Put that brown bottle sitting in your medicine cabinet to good use way beyond the first aid kit.
Clean tile grout
Tackle tough-to-clean grout with hydrogen peroxide. Grout is made of porous cement which can be eroded by using harsh chemicals found in typical household cleaners. Ordinary household hydrogen peroxide helps whiten and clean without damaging delicate grout, plus its fumes are way less irritating than bleach. Spray on, wait 30 minutes, and scrub with a stiff-bristled brush, according to HomeTalk.com.
Disinfecting fresh produce
Kill bacteria that can live on produce with mild hydrogen peroxide and household vinegar. Spray first with 3-percent hydrogen peroxide, then with white vinegar, and rinse well. A test performed by a food scientist at Virginia Polytechnic Institute and State University found that the combination of the two solutions killed bacteria like E. coli, listeria, and salmonella, better than either solution on its own. The scientist said what she really likes about this method is that "every [microbe] that drips off is killed," which means you won't spread contamination to cutting boards and food prep surfaces. She also found that there is no lingering taste or smell from either solution.
Protect your garden
Many things can be detrimental to your carefully tended garden, including insects, mildew, and root rot. Spraying plants—or soaking seeds before planting—with hydrogen peroxide could deter hungry animals and insects and prevent fungus from flourishing on both leaves and roots. Sfgate.com recommends combining 1 ounce of 40-percent strength hydrogen peroxide with 1 gallon fresh water for use as a gardening solution.
Whiten your teeth
For a sparkly smile, after brushing, dilute a small amount of 3-percent hydrogen peroxide with the same amount of water and swish around your mouth for 30 to 60 seconds, taking care not to swallow. Spit and rinse with water. Repeat daily for two weeks to see whiter teeth. After the initial two weeks, most experts recommend spacing out the hydrogen peroxide swish to once a week for maintenance. The American Dental Association (ADA) recommends consulting a dentist before using an at-home bleaching product like peroxide, and especially if you have dark stains, or many crowns and fillings.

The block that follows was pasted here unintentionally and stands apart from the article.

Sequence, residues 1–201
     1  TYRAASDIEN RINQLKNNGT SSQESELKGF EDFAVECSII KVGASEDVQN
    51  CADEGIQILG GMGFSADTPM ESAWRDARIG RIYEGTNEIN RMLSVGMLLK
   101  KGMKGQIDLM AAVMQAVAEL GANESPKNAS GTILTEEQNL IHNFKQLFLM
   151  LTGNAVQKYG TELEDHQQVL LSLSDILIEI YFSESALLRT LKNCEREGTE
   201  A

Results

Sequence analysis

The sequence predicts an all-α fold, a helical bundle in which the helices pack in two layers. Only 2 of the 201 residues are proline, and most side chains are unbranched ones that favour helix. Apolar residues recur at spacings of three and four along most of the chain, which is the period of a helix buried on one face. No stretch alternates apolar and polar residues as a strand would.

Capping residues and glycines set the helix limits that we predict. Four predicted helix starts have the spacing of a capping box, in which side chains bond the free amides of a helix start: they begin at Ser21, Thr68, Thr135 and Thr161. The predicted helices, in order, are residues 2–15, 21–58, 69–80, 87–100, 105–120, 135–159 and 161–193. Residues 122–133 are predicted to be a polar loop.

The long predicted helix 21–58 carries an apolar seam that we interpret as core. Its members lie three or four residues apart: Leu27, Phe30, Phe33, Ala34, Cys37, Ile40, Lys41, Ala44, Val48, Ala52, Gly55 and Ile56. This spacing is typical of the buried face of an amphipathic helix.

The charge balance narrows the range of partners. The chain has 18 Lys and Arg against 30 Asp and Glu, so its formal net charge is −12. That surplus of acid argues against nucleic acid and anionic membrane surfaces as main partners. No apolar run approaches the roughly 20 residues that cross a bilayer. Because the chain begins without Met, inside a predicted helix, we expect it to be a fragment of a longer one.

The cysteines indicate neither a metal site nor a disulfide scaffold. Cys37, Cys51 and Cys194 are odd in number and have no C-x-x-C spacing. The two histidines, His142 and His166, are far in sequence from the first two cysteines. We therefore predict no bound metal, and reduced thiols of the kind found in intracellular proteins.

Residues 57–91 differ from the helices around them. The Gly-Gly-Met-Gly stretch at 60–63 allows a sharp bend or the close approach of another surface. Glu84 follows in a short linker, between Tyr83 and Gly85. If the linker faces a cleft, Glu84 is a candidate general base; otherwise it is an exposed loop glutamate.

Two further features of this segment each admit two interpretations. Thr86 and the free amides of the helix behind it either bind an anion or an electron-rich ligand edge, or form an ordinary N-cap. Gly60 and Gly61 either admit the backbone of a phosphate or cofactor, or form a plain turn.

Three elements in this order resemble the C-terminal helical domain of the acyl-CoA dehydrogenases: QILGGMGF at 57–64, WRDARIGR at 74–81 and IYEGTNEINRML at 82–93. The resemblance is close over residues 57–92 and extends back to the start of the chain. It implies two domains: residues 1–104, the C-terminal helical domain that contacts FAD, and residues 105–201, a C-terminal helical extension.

Three-percent hydrogen peroxide can be used to remove tough spots and stains on clothing, including bloodstains. Pour on the spot, let sit for a minute, then rub and rinse with cold water. Note that peroxide is a bleach, so use carefully on colors—it might lift both the stain and color. To remove stains of unknown origin, Readers Digest recommends this sure-fire method: Mix 1 teaspoon hydrogen peroxide with a little cream of tartar or non-gel toothpaste, rub the mixture into the stain with a soft cloth until the stain in lifted, and then launder as usual.
Clean makeup brushes
Makeup brushes can be a pain to clean, but peroxide makes the process easier. Mix one part water with one part 3-percent hydrogen peroxide in a cup, soak synthetic brushes for five minutes, then rinse. Repeat once a week for squeaky clean brushes, according to dermatologist Debra Luftman, M.D., on Today.com.
Fight mildew and mold
Quickly take care of mold and mildew anywhere—from the shower curtain to a leaky basement, by spraying the dirty surface with 3-percent hydrogen peroxide. Let sit for about 10 minutes, then scrub lightly and rinse. This process will both remove mold and mildew and kill bacteria, making for a thorough clean-up.